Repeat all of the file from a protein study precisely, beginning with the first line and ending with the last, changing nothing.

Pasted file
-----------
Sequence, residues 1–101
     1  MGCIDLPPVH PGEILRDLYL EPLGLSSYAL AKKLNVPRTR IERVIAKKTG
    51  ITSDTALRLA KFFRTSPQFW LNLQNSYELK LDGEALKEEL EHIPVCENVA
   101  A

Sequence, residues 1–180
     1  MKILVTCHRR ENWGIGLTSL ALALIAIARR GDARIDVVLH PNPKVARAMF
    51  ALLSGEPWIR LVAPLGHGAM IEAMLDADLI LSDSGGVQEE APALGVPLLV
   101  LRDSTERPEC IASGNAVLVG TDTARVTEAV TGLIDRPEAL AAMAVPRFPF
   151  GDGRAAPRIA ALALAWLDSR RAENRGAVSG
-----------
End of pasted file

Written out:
Sequence, residues 1–101
     1  MGCIDLPPVH PGEILRDLYL EPLGLSSYAL AKKLNVPRTR IERVIAKKTG
    51  ITSDTALRLA KFFRTSPQFW LNLQNSYELK LDGEALKEEL EHIPVCENVA
   101  A

Sequence, residues 1–180
     1  MKILVTCHRR ENWGIGLTSL ALALIAIARR GDARIDVVLH PNPKVARAMF
    51  ALLSGEPWIR LVAPLGHGAM IEAMLDADLI LSDSGGVQEE APALGVPLLV
   101  LRDSTERPEC IASGNAVLVG TDTARVTEAV TGLIDRPEAL AAMAVPRFPF
   151  GDGRAAPRIA ALALAWLDSR RAENRGAVSG